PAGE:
Fr. Smith’s Commentary on the Second Reading
Divine Mercy Sunday
1 John 5:1-6
April 11, 2021

From now until the Seventh Sunday of Easter (May 16) our first readings will be from the Acts of the Apostles, our second readings from the first letter of St. John and (with one exception) our gospels from St. John. We will take this opportunity to look at the 1st Letter of John with special care. It will bring the entire message of the community which formed around the Beloved Disciple into greater clarity. We must begin by noting that this is the work of a community over time. The Gospel and Letters of John were composed as the community developed and they mark the signs of this growth. Scholars have detected four stages:

(1) The “Beloved Disciple” (usually referred to as John) – This Gospel many times remarks on the close relationship between Jesus and the beloved disciple and that he may have lived longer than the other disciples. He was an eyewitness to the events that the Gospel relates. This Gospel shows greater familiarity with Jewish customs and rituals and the geography of the Holy Land than the others. That the Gospel of John and other writings can be traced to an eyewitness is more than plausible as is its connection to a charismatic figure as we can assume the beloved disciple was.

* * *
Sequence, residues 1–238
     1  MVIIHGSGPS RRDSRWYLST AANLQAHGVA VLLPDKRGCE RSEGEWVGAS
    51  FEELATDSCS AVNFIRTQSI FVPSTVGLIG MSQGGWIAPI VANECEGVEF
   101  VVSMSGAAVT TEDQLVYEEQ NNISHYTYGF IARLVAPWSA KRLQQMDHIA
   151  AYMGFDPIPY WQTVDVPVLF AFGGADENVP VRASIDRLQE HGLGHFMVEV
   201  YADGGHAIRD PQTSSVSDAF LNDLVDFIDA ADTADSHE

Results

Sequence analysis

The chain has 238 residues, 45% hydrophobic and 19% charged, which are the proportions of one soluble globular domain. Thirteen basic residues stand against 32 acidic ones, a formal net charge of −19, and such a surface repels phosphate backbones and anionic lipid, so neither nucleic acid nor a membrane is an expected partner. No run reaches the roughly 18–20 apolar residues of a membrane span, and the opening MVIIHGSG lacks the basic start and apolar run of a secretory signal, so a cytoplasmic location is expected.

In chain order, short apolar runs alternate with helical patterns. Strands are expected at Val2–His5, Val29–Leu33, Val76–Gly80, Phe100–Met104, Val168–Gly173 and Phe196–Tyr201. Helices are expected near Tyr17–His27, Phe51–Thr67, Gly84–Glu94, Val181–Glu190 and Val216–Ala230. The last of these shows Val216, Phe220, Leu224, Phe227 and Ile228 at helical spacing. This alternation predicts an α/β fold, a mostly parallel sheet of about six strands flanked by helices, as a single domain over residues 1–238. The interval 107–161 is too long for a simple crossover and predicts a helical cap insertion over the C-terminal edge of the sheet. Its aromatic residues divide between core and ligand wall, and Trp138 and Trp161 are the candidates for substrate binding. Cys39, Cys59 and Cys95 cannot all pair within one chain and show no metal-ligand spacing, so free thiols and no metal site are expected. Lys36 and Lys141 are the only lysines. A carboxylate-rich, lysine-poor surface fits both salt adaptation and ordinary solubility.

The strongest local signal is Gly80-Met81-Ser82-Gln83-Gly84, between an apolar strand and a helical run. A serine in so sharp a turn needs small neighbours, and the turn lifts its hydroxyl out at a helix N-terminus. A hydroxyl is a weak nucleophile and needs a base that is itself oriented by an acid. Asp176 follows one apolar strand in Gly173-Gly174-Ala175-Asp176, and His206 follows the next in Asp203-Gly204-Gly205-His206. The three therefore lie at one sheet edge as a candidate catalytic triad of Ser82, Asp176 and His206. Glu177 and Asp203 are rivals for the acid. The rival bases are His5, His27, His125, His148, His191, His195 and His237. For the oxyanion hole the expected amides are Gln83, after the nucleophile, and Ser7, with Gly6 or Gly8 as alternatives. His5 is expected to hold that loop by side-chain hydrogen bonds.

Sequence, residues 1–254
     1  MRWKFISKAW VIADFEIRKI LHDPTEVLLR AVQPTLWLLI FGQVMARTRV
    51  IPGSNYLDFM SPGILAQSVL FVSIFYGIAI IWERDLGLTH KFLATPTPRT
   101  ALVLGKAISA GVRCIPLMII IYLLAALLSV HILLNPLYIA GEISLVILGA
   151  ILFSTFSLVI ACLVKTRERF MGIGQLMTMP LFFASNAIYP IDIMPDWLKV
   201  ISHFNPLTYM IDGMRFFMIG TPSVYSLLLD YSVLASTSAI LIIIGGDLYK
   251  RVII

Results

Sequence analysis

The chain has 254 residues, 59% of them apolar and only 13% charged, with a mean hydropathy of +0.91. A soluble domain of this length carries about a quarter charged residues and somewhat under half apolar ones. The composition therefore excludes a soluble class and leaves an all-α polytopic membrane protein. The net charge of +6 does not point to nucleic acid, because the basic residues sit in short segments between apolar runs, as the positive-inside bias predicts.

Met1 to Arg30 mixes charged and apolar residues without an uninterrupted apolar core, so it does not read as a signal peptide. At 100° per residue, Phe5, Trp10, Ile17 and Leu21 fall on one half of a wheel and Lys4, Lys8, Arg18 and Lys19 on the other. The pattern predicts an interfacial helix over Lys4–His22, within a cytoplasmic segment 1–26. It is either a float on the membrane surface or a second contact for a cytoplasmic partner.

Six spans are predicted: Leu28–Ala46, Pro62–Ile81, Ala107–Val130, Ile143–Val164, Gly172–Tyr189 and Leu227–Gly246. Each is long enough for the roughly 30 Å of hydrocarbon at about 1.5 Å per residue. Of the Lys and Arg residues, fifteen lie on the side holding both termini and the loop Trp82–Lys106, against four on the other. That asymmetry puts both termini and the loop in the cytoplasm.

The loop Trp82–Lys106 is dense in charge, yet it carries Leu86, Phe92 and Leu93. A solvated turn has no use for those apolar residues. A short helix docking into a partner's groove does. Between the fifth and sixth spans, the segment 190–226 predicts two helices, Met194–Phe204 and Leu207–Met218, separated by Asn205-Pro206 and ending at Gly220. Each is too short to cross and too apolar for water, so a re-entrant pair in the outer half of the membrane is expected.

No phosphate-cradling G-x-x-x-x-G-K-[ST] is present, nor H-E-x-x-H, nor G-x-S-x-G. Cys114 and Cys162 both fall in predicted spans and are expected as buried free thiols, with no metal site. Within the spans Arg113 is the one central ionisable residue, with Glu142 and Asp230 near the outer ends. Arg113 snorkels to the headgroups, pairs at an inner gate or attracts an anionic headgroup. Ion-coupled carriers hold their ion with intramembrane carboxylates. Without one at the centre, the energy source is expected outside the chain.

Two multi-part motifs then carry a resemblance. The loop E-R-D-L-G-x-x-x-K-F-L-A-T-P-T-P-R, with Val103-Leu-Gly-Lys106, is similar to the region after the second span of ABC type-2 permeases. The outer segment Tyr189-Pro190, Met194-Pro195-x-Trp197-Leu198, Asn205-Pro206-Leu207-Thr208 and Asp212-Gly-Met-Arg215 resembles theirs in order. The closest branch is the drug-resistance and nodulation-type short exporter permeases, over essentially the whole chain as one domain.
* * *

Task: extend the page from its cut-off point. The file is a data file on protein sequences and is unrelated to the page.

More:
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Easter – The Depth of His Love, The Depth of Our Need

The Disciples Peter and John Running to the Tomb, Eugène Burnand, 1898, Musée d’Orsay
(About this Image)

Fr. Smith’s Commentary on the Second Reading
Easter Sunday
Colossians 3:1–4
April 4, 2021

The readings for Easter Sunday are all from the New Testament. Of the available options, we will look at Colossians 3:1–4. Discussions on Colossians usually become overly concerned if it was written by St. Paul or a disciple. This is of scholarly interest, but we need to remember that no matter who wrote it, Colossians is still inspired. It speaks to matters which are eerily relevant to our own day.

We should look at “Why a letter to the Colossians?” and “Who were the philosophers who are being opposed?”